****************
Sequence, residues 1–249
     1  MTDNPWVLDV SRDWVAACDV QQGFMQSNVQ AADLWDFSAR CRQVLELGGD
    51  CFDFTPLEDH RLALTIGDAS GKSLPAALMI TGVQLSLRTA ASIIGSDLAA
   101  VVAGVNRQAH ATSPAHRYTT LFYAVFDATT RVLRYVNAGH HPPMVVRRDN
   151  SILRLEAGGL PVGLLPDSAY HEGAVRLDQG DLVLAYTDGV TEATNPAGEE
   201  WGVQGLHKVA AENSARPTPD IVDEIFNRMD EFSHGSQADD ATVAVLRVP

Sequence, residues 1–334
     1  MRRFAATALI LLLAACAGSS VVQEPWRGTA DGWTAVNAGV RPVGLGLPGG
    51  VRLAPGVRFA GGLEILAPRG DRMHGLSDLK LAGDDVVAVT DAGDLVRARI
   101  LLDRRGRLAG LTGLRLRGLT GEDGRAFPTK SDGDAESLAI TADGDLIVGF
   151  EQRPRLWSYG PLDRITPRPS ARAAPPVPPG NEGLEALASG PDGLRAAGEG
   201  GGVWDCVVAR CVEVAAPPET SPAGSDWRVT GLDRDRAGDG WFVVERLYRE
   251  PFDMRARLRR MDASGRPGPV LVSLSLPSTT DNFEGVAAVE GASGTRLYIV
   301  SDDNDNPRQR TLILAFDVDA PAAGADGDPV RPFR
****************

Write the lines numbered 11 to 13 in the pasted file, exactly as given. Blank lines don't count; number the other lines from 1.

   151  EQRPRLWSYG PLDRITPRPS ARAAPPVPPG NEGLEALASG PDGLRAAGEG
   201  GGVWDCVVAR CVEVAAPPET SPAGSDWRVT GLDRDRAGDG WFVVERLYRE
   251  PFDMRARLRR MDASGRPGPV LVSLSLPSTT DNFEGVAAVE GASGTRLYIV